Choosing the Right SSDs for Your Data Center

By Doug Rollins, Principal Engineer, Systems Marketing, Enterprise SSDs, Micron Technology, Inc.

Solid state drives (SSDs) have made their way into the enterprise data center, and for good reason.  When compared to conventional hard drives, SSDs offer data center applications better performance, better responsiveness, lower power, and predictable longevity—all key attributes desired by data center and system managers.

Can an administrator or system designer use any SSD and expect great results?  Are there really any differences between enterprise-class and client-class SSDs, aside from price?

In this article we’ll take a look at some of the fundamental differences between enterprise-class and client-class SSDs to help you make the best choice.

Data Path Protection

The data path refers to the route data takes inside the SSD, starting at the drive interface, moving through the various buffers and queues, and finally ending up in the NAND Flash memory for long-term storage.  Data path protection is the means by which an SSD protects data as it moves inside the SSD.  In client-class SSDs, it is common practice to protect data by using parity and cyclic redundancy check (CRC).  However, true enterprise-class SSDs usually go one step further and add a memory protection mechanism—an extra layer of protection akin to a “belt and suspenders” approach.  Applying this additional protection to the memory in the data path helps guard against any data errors in the dynamic random access memory (DRAM) itself.

Power-Loss Protection

Data that has been written to the NAND in the SSD is called “data at rest.”  Data that is in the process of being written by the host computer is called “data in motion.”  Because these are live operations, the SSD has to be concerned with power loss. If power is lost while these (and other) operations are in progress, there is a potential for data loss.

In most client-class SSDs, only data at rest is protected against power loss; data in motion is not.  Enterprise-class SSDs, like Micron’s M500DC, employ additional hardware and firmware features to ensure that both data at rest and data in motion are protected against power loss.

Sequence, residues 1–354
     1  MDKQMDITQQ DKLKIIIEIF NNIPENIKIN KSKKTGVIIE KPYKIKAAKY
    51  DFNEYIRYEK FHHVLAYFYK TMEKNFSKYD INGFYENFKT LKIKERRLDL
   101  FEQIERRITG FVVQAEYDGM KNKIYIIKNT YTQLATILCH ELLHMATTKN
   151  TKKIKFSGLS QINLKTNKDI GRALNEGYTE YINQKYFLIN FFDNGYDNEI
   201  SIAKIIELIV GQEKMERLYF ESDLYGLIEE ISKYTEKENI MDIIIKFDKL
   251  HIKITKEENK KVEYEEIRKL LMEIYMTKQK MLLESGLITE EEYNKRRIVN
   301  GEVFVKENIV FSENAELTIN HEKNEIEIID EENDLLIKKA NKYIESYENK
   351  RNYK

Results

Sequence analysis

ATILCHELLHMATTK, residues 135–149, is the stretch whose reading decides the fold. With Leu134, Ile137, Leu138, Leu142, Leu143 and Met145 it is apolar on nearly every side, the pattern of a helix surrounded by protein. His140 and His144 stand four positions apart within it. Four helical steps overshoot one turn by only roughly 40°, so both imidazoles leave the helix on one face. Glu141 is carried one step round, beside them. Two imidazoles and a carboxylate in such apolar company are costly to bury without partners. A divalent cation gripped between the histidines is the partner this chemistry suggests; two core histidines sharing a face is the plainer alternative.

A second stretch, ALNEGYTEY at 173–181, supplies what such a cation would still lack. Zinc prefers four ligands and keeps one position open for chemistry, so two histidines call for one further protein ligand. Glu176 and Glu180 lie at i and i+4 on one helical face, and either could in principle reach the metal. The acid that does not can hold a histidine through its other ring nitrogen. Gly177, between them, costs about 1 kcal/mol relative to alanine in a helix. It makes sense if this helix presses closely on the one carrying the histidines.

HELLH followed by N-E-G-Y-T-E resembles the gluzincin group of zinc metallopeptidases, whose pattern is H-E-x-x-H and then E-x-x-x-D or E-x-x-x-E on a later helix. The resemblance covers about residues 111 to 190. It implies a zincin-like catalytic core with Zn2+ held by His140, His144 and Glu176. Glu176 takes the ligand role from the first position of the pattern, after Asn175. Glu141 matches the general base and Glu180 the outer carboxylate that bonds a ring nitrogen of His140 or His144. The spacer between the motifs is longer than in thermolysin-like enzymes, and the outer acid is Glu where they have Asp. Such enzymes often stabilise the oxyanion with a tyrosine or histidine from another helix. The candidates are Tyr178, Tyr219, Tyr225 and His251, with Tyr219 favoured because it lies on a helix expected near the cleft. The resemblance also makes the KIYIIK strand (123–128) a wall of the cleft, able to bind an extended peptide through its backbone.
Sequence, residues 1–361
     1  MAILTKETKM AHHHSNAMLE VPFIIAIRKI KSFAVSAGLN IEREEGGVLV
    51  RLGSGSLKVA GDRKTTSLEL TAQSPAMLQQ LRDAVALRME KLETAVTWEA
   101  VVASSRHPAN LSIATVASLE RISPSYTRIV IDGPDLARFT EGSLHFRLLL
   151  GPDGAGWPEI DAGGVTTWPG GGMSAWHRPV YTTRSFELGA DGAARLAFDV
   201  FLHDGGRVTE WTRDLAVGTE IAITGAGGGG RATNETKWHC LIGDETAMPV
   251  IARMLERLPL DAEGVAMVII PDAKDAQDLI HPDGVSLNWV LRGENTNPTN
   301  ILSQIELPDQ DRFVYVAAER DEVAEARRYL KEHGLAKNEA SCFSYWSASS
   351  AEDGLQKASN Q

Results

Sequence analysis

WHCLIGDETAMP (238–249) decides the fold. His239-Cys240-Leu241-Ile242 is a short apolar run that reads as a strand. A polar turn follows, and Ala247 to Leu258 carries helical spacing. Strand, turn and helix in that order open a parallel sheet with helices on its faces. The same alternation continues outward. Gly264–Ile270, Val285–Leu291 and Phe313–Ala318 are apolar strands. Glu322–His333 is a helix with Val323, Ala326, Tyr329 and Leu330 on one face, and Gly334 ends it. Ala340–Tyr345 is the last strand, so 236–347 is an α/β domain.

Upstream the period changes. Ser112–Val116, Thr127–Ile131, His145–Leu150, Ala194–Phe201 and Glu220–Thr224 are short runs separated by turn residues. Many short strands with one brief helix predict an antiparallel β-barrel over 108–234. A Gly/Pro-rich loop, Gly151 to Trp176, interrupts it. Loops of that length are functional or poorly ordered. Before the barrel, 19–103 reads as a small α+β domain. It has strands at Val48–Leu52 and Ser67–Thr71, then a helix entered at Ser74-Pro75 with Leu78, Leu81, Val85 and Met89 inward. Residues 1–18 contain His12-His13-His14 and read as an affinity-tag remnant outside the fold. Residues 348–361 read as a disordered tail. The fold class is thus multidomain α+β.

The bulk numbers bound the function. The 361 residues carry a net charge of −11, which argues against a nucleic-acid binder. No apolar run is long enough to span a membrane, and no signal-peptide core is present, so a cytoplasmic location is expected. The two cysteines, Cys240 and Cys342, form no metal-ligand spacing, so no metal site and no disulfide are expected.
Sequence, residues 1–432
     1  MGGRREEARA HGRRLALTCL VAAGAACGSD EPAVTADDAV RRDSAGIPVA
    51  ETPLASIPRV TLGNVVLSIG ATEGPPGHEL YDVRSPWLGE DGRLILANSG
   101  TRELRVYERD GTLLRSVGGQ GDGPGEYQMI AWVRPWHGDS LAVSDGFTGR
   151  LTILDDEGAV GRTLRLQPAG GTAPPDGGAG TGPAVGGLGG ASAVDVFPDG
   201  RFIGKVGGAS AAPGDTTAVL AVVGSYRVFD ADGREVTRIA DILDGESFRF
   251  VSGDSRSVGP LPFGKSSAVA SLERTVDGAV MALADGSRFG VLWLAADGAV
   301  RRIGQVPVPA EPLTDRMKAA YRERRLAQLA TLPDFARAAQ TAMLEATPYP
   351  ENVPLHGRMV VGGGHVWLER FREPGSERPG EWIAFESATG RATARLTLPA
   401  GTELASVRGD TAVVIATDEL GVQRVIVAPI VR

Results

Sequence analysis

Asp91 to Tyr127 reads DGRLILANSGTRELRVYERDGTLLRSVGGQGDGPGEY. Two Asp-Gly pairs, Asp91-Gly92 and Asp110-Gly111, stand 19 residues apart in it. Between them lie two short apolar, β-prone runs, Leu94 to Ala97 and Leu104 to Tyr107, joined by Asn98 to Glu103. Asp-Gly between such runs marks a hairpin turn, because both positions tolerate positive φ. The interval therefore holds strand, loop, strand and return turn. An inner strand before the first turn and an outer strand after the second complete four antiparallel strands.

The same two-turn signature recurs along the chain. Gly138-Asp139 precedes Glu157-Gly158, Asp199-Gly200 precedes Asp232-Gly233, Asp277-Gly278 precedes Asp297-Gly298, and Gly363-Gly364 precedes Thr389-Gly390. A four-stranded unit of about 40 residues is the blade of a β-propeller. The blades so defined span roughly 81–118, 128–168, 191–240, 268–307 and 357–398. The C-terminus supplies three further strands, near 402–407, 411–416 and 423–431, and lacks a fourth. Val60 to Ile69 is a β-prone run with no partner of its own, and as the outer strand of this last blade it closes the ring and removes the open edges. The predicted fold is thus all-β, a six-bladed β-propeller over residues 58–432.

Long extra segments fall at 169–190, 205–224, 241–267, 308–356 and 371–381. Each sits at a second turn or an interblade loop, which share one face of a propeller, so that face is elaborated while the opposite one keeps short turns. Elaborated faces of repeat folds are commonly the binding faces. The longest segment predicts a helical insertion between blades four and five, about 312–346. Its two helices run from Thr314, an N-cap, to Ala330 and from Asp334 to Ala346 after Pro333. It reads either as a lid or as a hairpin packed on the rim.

Latency is an expression of how responsive an SSD is.  The lower the latency, the more responsive the SSD is, and the more responsive the application running on that SSD is.  Enterprise-class SSDs have a lower overall latency and a much smaller difference between the average and maximum latency, which enables enterprise applications to respond better and more consistently than client-class SSDs.


Although the read performance of enterprise- and client-class SSDs is very similar, the write performance tends to be quite different. Enterprise-class SSD write performance is much faster, especially with smaller, more random workloads as would be found in databases, virtualized environments, and other enterprise applications.  Enterprise-class SSDs excel with these workloads, but client-class SSDs struggle.

What’s the Best Choice?

While it’s possible to use client-class SSDs in the data center, enterprise-class SSDs tend to provide superior results due to their more robust data path protection, enhanced power-loss protection, lower latency, and superior write performance.

Doug Rollins, Principal Engineer, Systems Marketing, Enterprise SSDs, Micron Technology, Inc.,208-368-4000; email:; web:

Micron Technology, Inc., is a global leader in advanced semiconductor systems. Micron’s broad portfolio of high-performance memory technologies—including DRAM, NAND and NOR Flash—is the basis for solid state drives, modules, multichip packages, and other system solutions. Backed by more than 35 years of technology leadership, Micron’s memory solutions enable the world’s most innovative computing, consumer, enterprise storage, networking, mobile, embedded and automotive applications.


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